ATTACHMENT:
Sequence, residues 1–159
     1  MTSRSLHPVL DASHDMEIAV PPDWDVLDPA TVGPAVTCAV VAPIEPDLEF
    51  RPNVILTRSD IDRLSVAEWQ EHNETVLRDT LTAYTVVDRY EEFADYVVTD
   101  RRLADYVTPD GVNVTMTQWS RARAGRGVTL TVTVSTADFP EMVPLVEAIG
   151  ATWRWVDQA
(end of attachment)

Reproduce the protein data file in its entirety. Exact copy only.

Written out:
Sequence, residues 1–159
     1  MTSRSLHPVL DASHDMEIAV PPDWDVLDPA TVGPAVTCAV VAPIEPDLEF
    51  RPNVILTRSD IDRLSVAEWQ EHNETVLRDT LTAYTVVDRY EEFADYVVTD
   101  RRLADYVTPD GVNVTMTQWS RARAGRGVTL TVTVSTADFP EMVPLVEAIG
   151  ATWRWVDQA